Dam break against a flexible wall: flexibleDamBreak

Prepared by Amirhossein Taran and Philip Cardiff

Tutorial Aims

  • Demonstrates how to perform a multi-phase fluid-solid interaction simulation

Case Overview

This case extends the traditional OpenFOAM damBreak tutorial to include a flexible dam. This benchmark has been examined several times in literature, including by Walhorn et al. [1], Meduri et al. [2], and Ryzhakov et al. [3]. The initial configuration of this example is shown in Figure 1, where a column of water is at rest located behind a membrane on the left side of a tank. At time \(t = 0\), the membrane is removed, and the column of water collapses. During the collapse, the water impacts a flexible obstacle (the "dam") at the bottom of the tank, causing it to deflect elastically. For benchmarking, the horizontal displacement of the dam is tracked over time. Table 1 provides the material properties and geometry data for reference. The solid component employs a neo-Hookean large strain constitutive law. The total Lagrangian solid model (nonLinearGeometryTotalLagrangianTotalDisplacement) is used as the solid solver, and the volume-of-fluid incompressible multiphase fluid model (interFluid) is used as the fluid solver.

Figure 1: Problem geometry and initial conditions

Table 1: Problem Physical Parameters

Parameter Value
Solid Young's Modules (\(E\)) 1 MPa
Solid Density \((\rho)\) 2500 kg m\(^{-3}\)
Solid Poisson Ratio \((\nu)\) 0
Fluid Viscosity\((\mu)\) 0.001 Pa s
Fluid Density \((\rho)\) 1000 kg m\(^{-3}\)
gravity 9.81 m \(s^{-2}\)
L 0.0146 m
H 0.080 m
W 0.012 m


Upon starting the solution, the water column collapses due to gravity and will hit the flexible dam. Video 1 shows the time evolution of the volume-of-fluid field in the fluid domain and the displacement field in the solid domain. The solids4foam predictions for the deflection of the top-right corner of the dam are compared with numerical solutions from the literature in Figure 2, showing reasonable agreement. For better agreement, a mesh and time-step independence study should be performed.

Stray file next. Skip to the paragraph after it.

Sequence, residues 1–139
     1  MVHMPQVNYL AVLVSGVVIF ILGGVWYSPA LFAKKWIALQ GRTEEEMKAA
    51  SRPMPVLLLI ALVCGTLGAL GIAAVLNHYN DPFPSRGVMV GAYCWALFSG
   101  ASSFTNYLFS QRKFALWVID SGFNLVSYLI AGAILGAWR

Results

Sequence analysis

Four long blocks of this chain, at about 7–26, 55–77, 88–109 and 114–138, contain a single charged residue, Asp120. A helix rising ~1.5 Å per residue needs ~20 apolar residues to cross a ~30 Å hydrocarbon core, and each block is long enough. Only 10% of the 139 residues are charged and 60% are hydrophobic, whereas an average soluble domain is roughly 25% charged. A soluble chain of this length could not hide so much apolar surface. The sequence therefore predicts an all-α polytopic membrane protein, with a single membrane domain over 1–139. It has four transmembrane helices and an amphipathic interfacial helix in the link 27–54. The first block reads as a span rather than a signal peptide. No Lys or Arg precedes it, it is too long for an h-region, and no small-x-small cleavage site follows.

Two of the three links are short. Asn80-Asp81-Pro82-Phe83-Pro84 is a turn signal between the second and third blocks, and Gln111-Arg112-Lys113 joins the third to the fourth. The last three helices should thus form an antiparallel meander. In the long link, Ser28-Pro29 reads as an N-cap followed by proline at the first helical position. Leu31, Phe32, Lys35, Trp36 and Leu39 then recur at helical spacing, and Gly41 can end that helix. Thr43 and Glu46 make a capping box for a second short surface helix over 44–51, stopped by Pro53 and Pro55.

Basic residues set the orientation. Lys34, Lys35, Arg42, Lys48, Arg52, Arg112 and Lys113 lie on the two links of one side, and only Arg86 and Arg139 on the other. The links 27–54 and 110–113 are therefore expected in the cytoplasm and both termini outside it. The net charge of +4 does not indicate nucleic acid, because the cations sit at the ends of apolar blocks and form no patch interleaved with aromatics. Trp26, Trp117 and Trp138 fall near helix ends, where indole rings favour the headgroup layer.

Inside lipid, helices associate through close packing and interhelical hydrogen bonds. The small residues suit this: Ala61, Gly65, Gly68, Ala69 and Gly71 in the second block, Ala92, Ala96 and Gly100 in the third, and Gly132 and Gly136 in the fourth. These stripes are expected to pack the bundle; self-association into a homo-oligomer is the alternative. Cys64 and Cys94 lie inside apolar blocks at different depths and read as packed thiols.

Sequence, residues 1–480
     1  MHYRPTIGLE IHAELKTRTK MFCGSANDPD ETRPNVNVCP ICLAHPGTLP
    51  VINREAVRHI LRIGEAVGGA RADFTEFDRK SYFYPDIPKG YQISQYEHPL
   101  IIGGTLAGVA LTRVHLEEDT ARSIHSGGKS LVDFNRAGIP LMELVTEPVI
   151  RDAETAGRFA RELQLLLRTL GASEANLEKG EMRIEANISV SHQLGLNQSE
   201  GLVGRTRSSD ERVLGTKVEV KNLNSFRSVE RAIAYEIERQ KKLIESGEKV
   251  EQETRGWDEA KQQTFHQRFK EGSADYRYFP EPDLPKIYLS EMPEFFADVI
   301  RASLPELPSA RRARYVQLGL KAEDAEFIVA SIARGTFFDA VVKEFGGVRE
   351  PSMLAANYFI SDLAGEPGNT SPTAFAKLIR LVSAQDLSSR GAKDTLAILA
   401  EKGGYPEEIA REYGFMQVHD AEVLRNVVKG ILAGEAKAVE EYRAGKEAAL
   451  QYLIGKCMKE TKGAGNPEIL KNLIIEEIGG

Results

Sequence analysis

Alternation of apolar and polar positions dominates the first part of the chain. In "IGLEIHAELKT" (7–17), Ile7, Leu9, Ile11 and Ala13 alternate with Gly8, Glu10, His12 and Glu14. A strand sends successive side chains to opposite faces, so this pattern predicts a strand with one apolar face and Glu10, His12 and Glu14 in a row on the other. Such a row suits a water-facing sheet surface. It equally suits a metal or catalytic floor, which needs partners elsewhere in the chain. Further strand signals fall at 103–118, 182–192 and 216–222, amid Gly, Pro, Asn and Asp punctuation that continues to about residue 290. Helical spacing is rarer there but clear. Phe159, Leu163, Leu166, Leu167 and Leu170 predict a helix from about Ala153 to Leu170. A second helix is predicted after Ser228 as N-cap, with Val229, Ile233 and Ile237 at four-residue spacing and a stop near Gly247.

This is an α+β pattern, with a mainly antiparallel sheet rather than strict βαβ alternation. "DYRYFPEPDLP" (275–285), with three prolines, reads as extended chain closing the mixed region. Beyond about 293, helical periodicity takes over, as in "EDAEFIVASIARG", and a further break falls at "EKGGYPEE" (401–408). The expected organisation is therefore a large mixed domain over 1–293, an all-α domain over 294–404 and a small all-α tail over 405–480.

Figure 2: Displacement over time for the top-left corner of flexible obstacle (the "dam")

Video 1: Evolution of the volume-of-fluid field in the fluid domain and the displacement field in the solid domain

Running the Case

The tutorial case is located at solids4foam/tutorials/fluidSolidInteraction/flexibleDamBreak. The case can be run using the included Allrun script, i.e. > ./Allrun. The Allrun script first executes blockMesh for both solid and fluid domains (> blockMesh -region fluid and > blockMesh -region solid ), and the solids4foam solver is used to run the case (> solids4Foam). Optionally, if gnuplot is installed, the displacement history of the top-right edge of the obstacle Optionally, to create post-processing plots, it is possible to use solidPointDisplacement functionObjects, which will keep track of the specified point during the solution.


[1] E. Walhorn et al. "Fluid-structure coupling within a monolithic model involving free surface flows". Computers & Structures. Vol. 25-26, pp. 2100–2111, 2005.

[2] S. Meduri et al. "A partitioned fully explicit Lagrangian finite element method for highly nonlinear fluid-structure-interaction problems". Internat. J. Numer. Methods Engrg. Vol. 113, pp. 43–64, 2017.

[3] P.B. Ryzhakov et al. "A monolithic Lagrangian approach for fluid-structure interaction problems". Computational Mechanics. Vol. 46, pp. 883–899 , 2010.